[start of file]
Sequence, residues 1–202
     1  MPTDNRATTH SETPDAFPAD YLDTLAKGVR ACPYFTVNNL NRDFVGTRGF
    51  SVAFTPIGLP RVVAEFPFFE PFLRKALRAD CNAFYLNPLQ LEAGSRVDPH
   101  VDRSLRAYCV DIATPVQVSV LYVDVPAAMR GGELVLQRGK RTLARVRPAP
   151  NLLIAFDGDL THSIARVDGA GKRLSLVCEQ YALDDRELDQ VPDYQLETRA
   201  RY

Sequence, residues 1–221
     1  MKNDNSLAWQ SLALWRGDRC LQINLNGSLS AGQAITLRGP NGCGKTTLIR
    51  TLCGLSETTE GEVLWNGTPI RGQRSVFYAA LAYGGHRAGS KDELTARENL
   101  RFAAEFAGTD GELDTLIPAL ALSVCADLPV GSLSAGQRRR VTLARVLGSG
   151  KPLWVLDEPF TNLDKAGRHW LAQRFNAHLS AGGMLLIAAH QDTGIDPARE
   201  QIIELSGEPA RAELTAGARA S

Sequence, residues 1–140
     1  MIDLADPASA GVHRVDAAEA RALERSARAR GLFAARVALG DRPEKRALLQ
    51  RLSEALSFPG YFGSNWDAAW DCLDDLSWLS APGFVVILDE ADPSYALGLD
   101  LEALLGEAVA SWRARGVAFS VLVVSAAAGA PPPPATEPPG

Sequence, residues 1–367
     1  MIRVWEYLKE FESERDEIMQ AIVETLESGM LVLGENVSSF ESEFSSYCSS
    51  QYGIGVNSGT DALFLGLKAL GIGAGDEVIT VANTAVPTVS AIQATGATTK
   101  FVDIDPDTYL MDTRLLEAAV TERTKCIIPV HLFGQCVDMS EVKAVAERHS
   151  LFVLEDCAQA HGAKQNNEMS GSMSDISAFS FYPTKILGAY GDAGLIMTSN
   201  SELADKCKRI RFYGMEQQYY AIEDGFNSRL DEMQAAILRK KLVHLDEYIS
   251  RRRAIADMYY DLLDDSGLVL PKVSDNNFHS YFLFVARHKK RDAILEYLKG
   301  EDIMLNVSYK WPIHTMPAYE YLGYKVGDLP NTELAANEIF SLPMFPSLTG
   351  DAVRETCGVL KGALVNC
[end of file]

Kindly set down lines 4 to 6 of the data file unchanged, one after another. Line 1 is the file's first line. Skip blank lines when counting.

   101  VDRSLRAYCV DIATPVQVSV LYVDVPAAMR GGELVLQRGK RTLARVRPAP
   151  NLLIAFDGDL THSIARVDGA GKRLSLVCEQ YALDDRELDQ VPDYQLETRA
   201  RY